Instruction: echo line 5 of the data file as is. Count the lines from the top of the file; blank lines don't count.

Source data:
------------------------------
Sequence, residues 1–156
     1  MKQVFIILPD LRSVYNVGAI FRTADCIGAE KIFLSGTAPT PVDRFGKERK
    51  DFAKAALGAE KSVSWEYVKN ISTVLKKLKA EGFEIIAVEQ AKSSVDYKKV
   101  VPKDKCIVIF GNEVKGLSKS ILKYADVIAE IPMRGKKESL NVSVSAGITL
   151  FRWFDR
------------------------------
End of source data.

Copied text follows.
   151  FRWFDR